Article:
Course Meeting Times
Lectures: 8 sessions in 4 weeks, 1.5 hours / session
Class Description
Summary
We introduce atomistic modeling techniques and its importance for solving problems in modern engineering sciences, with an emphasis on mechanical properties. We demonstrate how atomistic modeling can be used to understand how materials fail under extreme loading, involving unfolding of proteins and propagation of cracks. Students will learn the basics of atomistic modeling, including choosing interatomic potentials, visualization and data analysis. We cover basic concepts of mechanics at small scales and relate it to common engineering concepts (e.g. beam theory). Students will also work on handson simulation projects.
Goal
After the class, students should have a basic understanding about the fundamentals, application areas and potential of classical molecular dynamics for problems in mechanics of materials. Particular emphasis is on developing a sensitivity for the significance of mechanics in different areas, and how atomistic and continuum viewpoints can be coupled.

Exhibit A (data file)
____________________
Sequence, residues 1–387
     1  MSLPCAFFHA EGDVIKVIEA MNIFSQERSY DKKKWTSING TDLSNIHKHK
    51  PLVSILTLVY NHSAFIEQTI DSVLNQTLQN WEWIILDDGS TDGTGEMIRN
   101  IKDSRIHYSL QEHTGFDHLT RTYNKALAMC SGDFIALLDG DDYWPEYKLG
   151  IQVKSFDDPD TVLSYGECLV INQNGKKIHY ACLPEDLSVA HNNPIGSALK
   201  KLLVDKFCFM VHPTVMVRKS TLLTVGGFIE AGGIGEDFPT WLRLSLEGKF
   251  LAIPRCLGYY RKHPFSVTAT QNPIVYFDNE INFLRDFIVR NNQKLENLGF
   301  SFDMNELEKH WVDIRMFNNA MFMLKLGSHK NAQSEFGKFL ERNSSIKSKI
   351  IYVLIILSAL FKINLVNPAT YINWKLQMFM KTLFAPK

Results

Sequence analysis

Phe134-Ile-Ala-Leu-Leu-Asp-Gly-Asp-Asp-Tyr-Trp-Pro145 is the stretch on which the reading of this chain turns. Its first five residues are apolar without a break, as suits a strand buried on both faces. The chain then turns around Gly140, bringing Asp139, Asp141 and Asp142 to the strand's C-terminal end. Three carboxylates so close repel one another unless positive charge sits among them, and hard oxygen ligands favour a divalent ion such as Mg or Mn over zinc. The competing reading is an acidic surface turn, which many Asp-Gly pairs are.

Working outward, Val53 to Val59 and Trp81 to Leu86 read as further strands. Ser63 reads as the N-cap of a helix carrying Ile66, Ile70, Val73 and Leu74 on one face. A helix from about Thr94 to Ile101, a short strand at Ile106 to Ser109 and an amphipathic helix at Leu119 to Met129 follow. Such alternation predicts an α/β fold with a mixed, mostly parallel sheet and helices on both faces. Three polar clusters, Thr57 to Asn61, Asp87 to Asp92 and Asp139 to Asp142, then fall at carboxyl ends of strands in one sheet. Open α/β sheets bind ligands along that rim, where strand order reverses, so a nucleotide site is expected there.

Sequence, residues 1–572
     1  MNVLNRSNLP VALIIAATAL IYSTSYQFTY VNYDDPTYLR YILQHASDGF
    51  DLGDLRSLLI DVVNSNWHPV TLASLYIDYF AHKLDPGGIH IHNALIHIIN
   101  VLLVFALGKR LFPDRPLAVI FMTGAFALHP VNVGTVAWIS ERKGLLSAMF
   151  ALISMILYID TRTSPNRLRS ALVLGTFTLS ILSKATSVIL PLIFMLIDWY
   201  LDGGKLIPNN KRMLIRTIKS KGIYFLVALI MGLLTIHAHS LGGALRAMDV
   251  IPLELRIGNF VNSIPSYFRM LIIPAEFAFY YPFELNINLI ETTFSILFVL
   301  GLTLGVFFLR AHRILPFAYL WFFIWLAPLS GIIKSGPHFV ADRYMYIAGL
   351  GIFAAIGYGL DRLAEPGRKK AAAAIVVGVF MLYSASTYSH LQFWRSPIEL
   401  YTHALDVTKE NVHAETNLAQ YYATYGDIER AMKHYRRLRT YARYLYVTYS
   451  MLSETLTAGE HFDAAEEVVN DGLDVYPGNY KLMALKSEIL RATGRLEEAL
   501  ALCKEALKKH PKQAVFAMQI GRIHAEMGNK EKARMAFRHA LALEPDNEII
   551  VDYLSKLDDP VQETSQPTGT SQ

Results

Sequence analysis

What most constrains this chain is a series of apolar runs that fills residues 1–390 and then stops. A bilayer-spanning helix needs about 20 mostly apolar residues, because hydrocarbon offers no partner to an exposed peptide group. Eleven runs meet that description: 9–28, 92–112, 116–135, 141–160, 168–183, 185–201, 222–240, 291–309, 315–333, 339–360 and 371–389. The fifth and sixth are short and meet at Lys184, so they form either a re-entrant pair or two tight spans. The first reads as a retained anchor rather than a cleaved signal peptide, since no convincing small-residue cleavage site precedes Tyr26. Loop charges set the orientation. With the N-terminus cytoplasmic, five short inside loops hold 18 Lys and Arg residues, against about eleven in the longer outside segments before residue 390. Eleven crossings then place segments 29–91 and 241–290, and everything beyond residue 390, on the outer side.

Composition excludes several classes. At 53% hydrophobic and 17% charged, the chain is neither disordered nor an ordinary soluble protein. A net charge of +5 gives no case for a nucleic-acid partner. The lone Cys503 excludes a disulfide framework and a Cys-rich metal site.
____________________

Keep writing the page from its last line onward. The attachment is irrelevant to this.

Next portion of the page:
Grading Policy
This course is graded P/D/F. There will be several homework assignments that consist of research articles, problem sets and short essays. Due at the end will be a larger computational project for which students will use the GenePattern Web site.
Calendar
LEC #  TOPICS  KEY DATES 

1 
Introduction to Mechanics of Materials Basic concepts of mechanics, stress and strain, deformation, strength and fracture 

2 
Introduction to Classical Molecular Dynamics Introduction into the molecular dynamics simulation; numerical techniques 

3 
Mechanics of Ductile Materials Dislocations; crystal structures; deformation of metals 
Problem set 1 due 
4 
Dynamic Fracture of Brittle Materials Nonlinear elasticity in dynamic fracture, geometric confinement, interfaces 

5 
The CauchyBorn Rule Calculation of elastic properties of atomic lattices 

6 
Mechanics of Biological Materials Atomistic modeling of fracture of a nanocrystal of copper. All simulation codes and numerical tools will be explained in detail. 

7 
Introduction to The Problem Set Atomistic modeling of fracture of a nanocrystal of copper. All simulation codes and numerical tools will be explained in detail. 
Problem set 2 due 
8 
Size Effects in Deformation of Materials Size effects in deformation of materials: Is smaller stronger? 

Final project due